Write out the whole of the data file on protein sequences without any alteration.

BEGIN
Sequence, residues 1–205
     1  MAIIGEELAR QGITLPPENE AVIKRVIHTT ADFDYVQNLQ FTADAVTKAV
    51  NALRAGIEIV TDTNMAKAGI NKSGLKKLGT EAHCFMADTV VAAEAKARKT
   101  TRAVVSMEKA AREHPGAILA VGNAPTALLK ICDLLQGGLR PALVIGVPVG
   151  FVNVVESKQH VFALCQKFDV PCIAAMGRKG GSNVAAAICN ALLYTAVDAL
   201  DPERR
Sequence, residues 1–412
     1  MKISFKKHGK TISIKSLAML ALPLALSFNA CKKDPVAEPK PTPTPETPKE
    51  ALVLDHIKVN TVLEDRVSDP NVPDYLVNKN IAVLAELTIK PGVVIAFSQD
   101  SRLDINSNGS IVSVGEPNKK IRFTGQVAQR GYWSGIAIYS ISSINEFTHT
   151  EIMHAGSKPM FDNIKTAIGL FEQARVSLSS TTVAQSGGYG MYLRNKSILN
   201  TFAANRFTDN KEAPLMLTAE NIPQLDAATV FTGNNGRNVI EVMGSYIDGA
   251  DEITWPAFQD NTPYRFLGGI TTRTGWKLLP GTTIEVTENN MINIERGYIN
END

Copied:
Sequence, residues 1–205
     1  MAIIGEELAR QGITLPPENE AVIKRVIHTT ADFDYVQNLQ FTADAVTKAV
    51  NALRAGIEIV TDTNMAKAGI NKSGLKKLGT EAHCFMADTV VAAEAKARKT
   101  TRAVVSMEKA AREHPGAILA VGNAPTALLK ICDLLQGGLR PALVIGVPVG
   151  FVNVVESKQH VFALCQKFDV PCIAAMGRKG GSNVAAAICN ALLYTAVDAL
   201  DPERR
Sequence, residues 1–412
     1  MKISFKKHGK TISIKSLAML ALPLALSFNA CKKDPVAEPK PTPTPETPKE
    51  ALVLDHIKVN TVLEDRVSDP NVPDYLVNKN IAVLAELTIK PGVVIAFSQD
   101  SRLDINSNGS IVSVGEPNKK IRFTGQVAQR GYWSGIAIYS ISSINEFTHT
   151  EIMHAGSKPM FDNIKTAIGL FEQARVSLSS TTVAQSGGYG MYLRNKSILN
   201  TFAANRFTDN KEAPLMLTAE NIPQLDAATV FTGNNGRNVI EVMGSYIDGA
   251  DEITWPAFQD NTPYRFLGGI TTRTGWKLLP GTTIEVTENN MINIERGYIN